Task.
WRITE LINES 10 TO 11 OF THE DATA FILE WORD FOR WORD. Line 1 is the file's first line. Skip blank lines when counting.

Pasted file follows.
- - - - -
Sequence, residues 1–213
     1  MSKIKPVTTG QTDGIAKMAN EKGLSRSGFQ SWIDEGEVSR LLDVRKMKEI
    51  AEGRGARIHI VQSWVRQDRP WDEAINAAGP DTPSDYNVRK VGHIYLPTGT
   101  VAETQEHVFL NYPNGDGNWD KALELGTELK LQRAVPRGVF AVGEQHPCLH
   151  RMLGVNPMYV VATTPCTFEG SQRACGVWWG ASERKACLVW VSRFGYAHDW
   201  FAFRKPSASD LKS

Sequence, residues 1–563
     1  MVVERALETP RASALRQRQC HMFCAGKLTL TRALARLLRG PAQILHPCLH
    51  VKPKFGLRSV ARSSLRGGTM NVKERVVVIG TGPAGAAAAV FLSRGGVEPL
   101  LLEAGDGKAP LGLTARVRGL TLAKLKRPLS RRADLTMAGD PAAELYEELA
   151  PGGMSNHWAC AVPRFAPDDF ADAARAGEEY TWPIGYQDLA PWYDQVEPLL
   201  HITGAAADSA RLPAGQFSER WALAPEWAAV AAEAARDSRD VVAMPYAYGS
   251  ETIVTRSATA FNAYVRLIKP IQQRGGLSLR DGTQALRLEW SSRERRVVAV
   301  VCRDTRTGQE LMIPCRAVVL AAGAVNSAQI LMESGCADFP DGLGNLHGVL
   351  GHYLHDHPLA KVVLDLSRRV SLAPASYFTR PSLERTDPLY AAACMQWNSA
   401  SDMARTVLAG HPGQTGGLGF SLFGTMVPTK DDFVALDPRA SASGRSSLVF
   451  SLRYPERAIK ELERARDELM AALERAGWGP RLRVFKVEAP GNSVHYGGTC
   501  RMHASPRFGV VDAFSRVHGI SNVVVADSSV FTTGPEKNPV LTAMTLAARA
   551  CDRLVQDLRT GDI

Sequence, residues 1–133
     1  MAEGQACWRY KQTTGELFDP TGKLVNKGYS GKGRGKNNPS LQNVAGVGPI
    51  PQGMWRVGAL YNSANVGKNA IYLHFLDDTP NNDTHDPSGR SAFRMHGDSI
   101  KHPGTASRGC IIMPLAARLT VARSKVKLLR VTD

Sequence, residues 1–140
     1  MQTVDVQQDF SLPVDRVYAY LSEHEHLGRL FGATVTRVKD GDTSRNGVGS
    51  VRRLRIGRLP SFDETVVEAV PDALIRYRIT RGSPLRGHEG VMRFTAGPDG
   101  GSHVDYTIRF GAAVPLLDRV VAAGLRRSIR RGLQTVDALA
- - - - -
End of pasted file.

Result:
   101  LLEAGDGKAP LGLTARVRGL TLAKLKRPLS RRADLTMAGD PAAELYEELA
   151  PGGMSNHWAC AVPRFAPDDF ADAARAGEEY TWPIGYQDLA PWYDQVEPLL